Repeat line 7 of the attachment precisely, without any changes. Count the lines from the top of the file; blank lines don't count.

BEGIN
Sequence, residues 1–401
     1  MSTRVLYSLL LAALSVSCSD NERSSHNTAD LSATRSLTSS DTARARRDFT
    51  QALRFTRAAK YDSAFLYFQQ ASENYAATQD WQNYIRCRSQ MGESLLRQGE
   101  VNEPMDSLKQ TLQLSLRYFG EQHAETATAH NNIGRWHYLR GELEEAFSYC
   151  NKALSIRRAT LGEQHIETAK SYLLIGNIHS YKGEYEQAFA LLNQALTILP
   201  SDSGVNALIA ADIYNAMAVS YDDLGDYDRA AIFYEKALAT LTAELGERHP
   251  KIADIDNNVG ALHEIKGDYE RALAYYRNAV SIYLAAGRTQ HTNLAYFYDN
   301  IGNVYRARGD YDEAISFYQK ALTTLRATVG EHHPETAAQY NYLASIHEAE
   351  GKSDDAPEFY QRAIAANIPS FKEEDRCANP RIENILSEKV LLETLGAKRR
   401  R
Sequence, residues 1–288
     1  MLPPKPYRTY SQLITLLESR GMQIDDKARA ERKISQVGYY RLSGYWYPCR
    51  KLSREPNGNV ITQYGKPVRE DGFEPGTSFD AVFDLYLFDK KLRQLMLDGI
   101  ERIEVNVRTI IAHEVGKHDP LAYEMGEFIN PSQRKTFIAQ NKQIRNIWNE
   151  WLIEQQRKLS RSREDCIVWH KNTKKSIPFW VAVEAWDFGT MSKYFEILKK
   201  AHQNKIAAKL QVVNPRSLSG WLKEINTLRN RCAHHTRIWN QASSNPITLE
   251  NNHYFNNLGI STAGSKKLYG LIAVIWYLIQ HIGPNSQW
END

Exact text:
   251  KIADIDNNVG ALHEIKGDYE RALAYYRNAV SIYLAAGRTQ HTNLAYFYDN